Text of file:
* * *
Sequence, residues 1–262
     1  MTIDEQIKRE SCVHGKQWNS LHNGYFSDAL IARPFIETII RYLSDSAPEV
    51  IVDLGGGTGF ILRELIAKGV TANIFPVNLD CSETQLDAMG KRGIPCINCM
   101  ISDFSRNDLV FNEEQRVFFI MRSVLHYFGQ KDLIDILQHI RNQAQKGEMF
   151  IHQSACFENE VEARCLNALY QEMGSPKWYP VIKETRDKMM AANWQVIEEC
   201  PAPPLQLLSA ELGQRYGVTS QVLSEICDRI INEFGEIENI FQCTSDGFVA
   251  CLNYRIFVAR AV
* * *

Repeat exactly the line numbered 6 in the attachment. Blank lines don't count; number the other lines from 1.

   201  PAPPLQLLSA ELGQRYGVTS QVLSEICDRI INEFGEIENI FQCTSDGFVA